Gold Silver Reports (GSR) – Tesla Inc. shareholders are said to have approved the board’s proposal to grant Chief Executive Officer Elon Musk stock options valued at $2.6 billion, paving the way for him to reap a big windfall if the electric-car maker maintains its growth trajectory over the next decade.
Investors holding a majority of the shares that were voted at Wednesday’s special meeting in Fremont, California, supported the performance award, according to a person familiar who asked not to be identified. The board needed majority approval to make the grant, which likely is the largest one-time compensation deal ever awarded. Tesla had said Musk and his brother Kimbal, who’s a company director, wouldn’t vote their shares.
The award, which won’t vest unless a set of ambitious financial goals are met, has been cheered by some large Tesla investors who said it would help the CEO drive the business forward. Critics, including the two largest proxy advisers, said it was too costly and questioned why Musk, a billionaire who has about half his wealth tied up in company stock, needed more equity to stay motivated.
Tesla’s shares were up 3.6 percent to $321.86 as of 12:48 p.m. in New York, erasing losses for the year.
Musk’s award will pay when Tesla hits pairs of goals, with one tied to market value
Under the new plan, Musk will earn one-12th of the options every time Tesla hits a pair of goals: one tied to its market value and the other linked to either revenue or earnings excluding certain charges. For Musk to get all the options, Tesla would have to become worth $650 billion — more than Facebook Inc. — and produce more revenue than Procter & Gamble Co.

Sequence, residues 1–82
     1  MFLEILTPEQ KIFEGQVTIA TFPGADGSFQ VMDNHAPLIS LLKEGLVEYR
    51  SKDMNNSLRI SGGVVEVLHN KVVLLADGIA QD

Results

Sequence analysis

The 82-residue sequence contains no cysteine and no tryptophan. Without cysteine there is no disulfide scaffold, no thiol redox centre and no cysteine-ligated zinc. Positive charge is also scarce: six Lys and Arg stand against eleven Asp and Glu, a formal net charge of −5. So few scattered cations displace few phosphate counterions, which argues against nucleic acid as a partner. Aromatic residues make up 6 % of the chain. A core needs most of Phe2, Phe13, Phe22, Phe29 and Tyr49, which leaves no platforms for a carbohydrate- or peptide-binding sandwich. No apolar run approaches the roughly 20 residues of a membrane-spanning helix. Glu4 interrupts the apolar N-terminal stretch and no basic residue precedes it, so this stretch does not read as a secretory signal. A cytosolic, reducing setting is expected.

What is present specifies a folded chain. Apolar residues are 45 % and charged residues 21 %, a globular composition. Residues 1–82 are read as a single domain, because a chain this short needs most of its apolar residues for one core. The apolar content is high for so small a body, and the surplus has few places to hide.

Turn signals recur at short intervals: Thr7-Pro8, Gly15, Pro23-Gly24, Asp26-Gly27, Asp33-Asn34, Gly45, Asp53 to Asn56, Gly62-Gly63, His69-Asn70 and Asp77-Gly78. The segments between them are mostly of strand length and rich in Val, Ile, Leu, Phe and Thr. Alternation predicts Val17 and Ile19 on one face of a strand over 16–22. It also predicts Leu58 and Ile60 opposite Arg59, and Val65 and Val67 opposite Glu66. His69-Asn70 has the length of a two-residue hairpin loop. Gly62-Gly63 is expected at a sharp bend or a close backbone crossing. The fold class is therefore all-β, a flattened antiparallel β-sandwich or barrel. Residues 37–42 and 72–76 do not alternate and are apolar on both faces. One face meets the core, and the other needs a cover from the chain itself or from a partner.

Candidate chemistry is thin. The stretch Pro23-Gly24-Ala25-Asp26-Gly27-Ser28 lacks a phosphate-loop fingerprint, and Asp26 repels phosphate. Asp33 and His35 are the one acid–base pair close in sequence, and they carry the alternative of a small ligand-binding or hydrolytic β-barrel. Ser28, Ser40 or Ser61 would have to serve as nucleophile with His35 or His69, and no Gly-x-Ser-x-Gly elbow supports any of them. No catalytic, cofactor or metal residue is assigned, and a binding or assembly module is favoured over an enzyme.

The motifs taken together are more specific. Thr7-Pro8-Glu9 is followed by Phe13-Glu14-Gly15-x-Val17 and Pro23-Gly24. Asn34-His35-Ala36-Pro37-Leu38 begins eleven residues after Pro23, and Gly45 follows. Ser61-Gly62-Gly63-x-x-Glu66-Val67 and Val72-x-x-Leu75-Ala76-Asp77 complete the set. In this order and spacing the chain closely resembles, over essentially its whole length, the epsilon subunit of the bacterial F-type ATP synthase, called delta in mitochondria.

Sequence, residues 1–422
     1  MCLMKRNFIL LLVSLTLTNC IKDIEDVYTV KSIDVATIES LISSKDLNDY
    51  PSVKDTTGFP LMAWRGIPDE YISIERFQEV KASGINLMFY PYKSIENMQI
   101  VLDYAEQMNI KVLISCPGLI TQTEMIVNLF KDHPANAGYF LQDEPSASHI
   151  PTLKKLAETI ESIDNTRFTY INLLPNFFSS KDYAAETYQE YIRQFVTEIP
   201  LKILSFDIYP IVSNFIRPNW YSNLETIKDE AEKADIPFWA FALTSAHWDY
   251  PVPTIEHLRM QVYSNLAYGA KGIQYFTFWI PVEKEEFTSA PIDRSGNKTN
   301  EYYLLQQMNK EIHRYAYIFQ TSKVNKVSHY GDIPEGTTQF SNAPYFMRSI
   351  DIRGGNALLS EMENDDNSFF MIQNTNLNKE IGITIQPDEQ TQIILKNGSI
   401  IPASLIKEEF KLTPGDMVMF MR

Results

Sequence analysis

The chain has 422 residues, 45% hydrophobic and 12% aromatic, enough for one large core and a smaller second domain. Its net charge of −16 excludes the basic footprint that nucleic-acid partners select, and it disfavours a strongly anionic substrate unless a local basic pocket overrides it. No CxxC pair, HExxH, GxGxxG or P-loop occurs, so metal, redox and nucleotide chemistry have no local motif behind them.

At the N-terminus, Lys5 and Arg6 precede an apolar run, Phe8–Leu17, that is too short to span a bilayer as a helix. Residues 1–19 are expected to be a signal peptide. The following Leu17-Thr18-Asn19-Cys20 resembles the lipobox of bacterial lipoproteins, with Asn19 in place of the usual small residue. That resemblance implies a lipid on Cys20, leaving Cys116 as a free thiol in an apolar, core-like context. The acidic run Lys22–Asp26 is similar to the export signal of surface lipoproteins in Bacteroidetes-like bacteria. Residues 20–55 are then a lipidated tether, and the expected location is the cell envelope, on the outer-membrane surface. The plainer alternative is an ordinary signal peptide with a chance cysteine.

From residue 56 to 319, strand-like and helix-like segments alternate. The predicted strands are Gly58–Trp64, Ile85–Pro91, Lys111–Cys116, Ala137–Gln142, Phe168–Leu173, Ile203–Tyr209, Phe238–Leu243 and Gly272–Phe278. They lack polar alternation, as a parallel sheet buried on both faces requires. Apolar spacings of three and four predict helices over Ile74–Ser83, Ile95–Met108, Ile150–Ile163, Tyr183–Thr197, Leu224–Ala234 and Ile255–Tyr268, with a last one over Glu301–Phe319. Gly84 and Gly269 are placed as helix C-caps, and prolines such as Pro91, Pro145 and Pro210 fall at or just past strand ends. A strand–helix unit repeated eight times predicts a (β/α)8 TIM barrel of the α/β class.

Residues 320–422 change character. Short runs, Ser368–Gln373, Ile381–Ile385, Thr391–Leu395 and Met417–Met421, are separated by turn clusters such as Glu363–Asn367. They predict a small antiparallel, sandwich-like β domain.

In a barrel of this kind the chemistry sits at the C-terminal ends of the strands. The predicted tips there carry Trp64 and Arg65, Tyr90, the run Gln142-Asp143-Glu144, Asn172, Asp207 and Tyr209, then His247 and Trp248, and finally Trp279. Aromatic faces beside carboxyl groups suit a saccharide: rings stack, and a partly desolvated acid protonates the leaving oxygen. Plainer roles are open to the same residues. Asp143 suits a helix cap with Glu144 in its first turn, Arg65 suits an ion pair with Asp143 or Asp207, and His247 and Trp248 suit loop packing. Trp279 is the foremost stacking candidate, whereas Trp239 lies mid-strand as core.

A Tesla spokesman didn’t immediately respond to a request for comment.
Tesla has said in regulatory filings that Musk’s award could yield him more than $50 billion if all goals are achieved. Some large investors have said the package aligns with their interests, signaling they don’t mind if Musk gets wealthier, as long as they also see big returns.
Large shareholders Baillie Gifford & Co. and T. Rowe Price Group Inc. signaled ahead of the vote that they would probably support the package. Spokesmen for both companies didn’t immediately reply to requests for comment. Fidelity, which holds almost 10 percent of Tesla stock, declined to comment. A spokesman for Chinese internet giant Tencent Holdings Ltd., which holds about 5 percent of Tesla, was not immediately available to comment.
California State Teachers’ Retirement System, the second-largest pension fund in the U.S., said it did not support the plan, citing concerns about potential dilution and an absence of profitability goals. Large stock awards can be costly for investors in two ways: They can increase a company’s expenses and they dilute the stakes of existing shareholders.
Still, the fund is appreciative of Musk’s “visionary leadership,” Anne Sheehan, director of corporate governance at Calstrs, said in an emailed statement. – Neal Bhai Reports